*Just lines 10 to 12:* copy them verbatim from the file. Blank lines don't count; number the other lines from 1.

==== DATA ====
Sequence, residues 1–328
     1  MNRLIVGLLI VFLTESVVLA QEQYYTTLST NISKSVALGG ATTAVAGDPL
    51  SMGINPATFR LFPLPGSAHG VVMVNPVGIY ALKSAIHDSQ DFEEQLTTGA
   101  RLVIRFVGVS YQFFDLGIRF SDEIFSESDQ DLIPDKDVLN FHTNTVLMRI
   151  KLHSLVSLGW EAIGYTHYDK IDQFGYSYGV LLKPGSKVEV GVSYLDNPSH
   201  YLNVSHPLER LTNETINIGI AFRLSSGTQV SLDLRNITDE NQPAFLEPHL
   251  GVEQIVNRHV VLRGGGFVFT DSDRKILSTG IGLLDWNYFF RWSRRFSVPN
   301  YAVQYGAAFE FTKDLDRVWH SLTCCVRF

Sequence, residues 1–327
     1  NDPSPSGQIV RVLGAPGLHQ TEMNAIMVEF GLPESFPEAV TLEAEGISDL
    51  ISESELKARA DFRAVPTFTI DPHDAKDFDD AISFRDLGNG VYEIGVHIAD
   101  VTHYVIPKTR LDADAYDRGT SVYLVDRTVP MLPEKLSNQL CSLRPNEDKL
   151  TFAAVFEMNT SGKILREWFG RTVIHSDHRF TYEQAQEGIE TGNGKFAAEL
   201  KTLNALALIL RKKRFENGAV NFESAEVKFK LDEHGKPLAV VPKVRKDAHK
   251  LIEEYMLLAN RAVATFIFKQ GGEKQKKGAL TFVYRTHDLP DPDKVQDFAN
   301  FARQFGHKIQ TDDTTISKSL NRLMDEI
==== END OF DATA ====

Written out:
     1  NDPSPSGQIV RVLGAPGLHQ TEMNAIMVEF GLPESFPEAV TLEAEGISDL
    51  ISESELKARA DFRAVPTFTI DPHDAKDFDD AISFRDLGNG VYEIGVHIAD
   101  VTHYVIPKTR LDADAYDRGT SVYLVDRTVP MLPEKLSNQL CSLRPNEDKL